spider_rabbit
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post burn

Post by spider_rabbit » Wed Sep 08, 2004 7:05 pm

this year we:
1. spent Monday night in Reno and showered and ate
2. I wore my dusty boots, shorts and a hat someone gifted me to work
3. Screwed off on the internet all day reading tribe and this
4. Left work early and washed my truck
5. Put up all my pics.
6. Came back here to read about other people's experiences.

and

7. remembered to be as friendly as everyone was on the playa even in the "real" world.

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Sobretta Franjipan
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Post by Sobretta Franjipan » Thu Sep 09, 2004 3:23 am

Stay drunk.

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bartolah
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Saying hello to strangers...

Post by bartolah » Thu Sep 09, 2004 12:00 pm

Heeding your advice, I've been working on saying hello to, and smiling at, strangers... So, on the bus this morning I saw this girl reading a rather depressing book I'd read some time back (the best democracy money can buy), she looked up, I said hi, we started chatting and sure enough she just got back from her first Burning Man as well! We took a moment, shared a couple of stories and jaunted off to work. And guess what, that little moment and connection, helped to keep the buzz alive and kindled - pretty sweet. The lesson here - keep on saying hi to folks!

It would be so cool if there were some little way that we could notice/identify each other as fellow burners out in the real world. I suppose that tell-tale sly smile and amused expression at the rest of the world is a start...

B
...third star to the right, and straight on till the man burns...

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dj big E
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lots of xanax

Post by dj big E » Mon Sep 13, 2004 7:17 pm

lots of xanax marijuana and just not trying to let the small shit bother you.

Mistress of Mirth
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Post by Mistress of Mirth » Tue Sep 14, 2004 12:20 am

This was the 7th time I had to drive off the playa and for some reason it was the hardest this year. Some years I seem to bounce back rather quick and start scheming for the next year...but this year....I am still completely out there. There are a lot of burners in Portland so I find myself looking at peoples shoes for playa dust, luckily in my neighborhood we seem to have a lot of dusty shoes. I am still smiling and saying hello, I cant walk out the door without finding my lip balm, bottle of water, and smokes. My appetite has not yet returned to normal and I keep eating pnut butter/jelly in tortillas. Tonight I decided that the only thing that sounded good was a friends dry sauna.....heaven....dry heat to the bones...felt like the first time I had relaxed since last Tuesday. Sigh.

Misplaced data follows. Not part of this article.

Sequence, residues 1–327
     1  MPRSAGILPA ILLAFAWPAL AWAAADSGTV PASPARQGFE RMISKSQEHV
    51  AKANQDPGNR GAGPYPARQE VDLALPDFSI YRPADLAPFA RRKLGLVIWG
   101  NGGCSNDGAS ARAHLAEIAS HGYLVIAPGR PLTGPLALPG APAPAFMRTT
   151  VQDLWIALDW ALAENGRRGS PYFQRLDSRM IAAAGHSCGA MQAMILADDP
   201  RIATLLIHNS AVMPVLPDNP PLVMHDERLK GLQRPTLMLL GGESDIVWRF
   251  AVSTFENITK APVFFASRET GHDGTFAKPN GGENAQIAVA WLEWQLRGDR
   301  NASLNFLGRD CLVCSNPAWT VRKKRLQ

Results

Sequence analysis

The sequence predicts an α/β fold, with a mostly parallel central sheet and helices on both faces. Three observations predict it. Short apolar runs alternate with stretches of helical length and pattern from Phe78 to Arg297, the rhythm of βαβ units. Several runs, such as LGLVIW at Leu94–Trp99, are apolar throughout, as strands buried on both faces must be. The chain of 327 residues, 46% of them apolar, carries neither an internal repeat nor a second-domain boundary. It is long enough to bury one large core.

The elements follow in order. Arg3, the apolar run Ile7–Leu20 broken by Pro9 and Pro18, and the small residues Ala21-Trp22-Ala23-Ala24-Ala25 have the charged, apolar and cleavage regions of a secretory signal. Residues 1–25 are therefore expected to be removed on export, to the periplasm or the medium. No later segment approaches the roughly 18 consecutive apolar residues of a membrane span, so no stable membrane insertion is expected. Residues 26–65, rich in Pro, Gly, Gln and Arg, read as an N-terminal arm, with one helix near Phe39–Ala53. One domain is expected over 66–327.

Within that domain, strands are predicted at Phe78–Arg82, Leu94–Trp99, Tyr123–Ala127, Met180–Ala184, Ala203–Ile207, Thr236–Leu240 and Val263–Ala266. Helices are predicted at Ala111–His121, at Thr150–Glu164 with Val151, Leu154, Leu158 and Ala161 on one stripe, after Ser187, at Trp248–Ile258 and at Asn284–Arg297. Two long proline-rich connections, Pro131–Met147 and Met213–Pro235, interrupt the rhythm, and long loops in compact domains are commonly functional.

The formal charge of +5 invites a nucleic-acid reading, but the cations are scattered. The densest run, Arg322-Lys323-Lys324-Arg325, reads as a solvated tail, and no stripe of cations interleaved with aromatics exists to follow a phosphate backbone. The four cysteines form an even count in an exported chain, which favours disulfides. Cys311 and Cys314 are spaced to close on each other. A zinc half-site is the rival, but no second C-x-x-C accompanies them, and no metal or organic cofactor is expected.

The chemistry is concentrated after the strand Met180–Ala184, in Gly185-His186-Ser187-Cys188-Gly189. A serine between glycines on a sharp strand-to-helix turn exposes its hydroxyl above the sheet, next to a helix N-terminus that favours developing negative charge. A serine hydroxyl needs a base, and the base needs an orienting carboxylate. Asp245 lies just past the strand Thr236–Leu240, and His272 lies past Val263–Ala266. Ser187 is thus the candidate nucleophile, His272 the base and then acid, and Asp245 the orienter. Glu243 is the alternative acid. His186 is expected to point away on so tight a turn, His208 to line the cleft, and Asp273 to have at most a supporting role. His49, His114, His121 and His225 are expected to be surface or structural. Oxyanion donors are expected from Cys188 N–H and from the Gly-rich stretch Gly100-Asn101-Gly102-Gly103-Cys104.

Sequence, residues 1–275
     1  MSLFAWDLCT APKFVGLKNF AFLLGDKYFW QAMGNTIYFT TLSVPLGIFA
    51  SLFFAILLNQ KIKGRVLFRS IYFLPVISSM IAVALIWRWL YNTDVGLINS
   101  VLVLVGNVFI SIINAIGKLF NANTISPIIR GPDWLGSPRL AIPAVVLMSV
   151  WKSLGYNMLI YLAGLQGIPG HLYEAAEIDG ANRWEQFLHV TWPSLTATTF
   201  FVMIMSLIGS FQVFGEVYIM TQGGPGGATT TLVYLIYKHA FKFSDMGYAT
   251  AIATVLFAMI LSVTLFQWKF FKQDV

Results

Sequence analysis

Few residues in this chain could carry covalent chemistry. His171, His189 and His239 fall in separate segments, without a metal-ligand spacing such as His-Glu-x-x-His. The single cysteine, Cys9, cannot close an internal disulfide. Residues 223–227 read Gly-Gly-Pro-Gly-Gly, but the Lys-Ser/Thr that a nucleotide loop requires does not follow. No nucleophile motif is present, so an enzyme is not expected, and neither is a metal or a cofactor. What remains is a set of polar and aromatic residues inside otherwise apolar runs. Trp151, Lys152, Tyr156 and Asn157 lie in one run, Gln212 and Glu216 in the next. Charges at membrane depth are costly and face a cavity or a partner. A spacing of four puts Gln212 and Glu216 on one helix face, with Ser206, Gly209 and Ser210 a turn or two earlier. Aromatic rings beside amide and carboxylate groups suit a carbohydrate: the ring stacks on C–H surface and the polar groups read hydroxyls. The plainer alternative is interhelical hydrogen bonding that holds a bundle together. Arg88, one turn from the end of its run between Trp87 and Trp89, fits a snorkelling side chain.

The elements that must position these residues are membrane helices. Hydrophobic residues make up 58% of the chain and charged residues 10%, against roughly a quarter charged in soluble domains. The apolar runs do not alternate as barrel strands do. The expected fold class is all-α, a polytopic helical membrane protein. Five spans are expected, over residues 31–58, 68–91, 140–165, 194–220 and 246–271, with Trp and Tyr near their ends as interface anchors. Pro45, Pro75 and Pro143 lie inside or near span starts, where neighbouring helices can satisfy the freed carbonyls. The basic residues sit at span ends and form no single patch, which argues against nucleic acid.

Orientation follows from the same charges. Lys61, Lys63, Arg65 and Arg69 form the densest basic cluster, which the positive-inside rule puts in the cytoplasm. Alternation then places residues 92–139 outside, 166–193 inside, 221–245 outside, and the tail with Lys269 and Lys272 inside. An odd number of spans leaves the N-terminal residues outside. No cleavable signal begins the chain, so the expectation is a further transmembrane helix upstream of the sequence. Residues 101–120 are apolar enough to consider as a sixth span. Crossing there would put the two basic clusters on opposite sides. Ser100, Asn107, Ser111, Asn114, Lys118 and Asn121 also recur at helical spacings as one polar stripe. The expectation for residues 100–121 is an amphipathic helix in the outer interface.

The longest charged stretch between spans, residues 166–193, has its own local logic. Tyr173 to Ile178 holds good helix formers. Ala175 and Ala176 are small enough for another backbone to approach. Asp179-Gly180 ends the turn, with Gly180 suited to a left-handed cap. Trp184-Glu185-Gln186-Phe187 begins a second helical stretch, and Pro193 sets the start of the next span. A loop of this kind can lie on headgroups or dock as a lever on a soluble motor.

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souldancer
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Post by souldancer » Tue Sep 14, 2004 7:41 am

Hey this was my first time too, and I didn't expect to take being back in the "real" world so hard! I was ECSTACTIC Tuesday morning, when I first got to work. Three hours into my shift, I got DEAD tired, and pretty sad. I didn't think I'd be so tired! I knew I hadn't gotten a lot of sleep on the playa, but I did get about 6 hours a night, and I thought that was decent...but my body disagreed, especially with all the walking, bike riding, and fun being had. So yes, lots of sleep has helped me. As far as that goes, I'm good, but I'm still kinda sad. I told one of my bosses at work about how I was going through hug withdrawl, and she's started hugging me every time she sees me! It's so great, and I really love the hugs, unfortunately her last day is on Friday! :(

One thing that has helped me greatly is knowing that I am going next year, and having the time to plan for what I want to do. It gives me something to look forward to! I too have a dog, and it was soooooo GREAT to see her after a week! So yeah, having a dog can really help also! And my daughter! They make being back worth it!

So yeah, knowing that next year is coming (it'll be here before we know it!) and having time to plan is a good thing for me. I always think I don't have enough time to get things done, and here I've got 50 weeks staring me in the face...plenty of time, if I get started now!

HEY fellow Burners.... I LOVE YOU GUYS!!!!
Music is food for the soul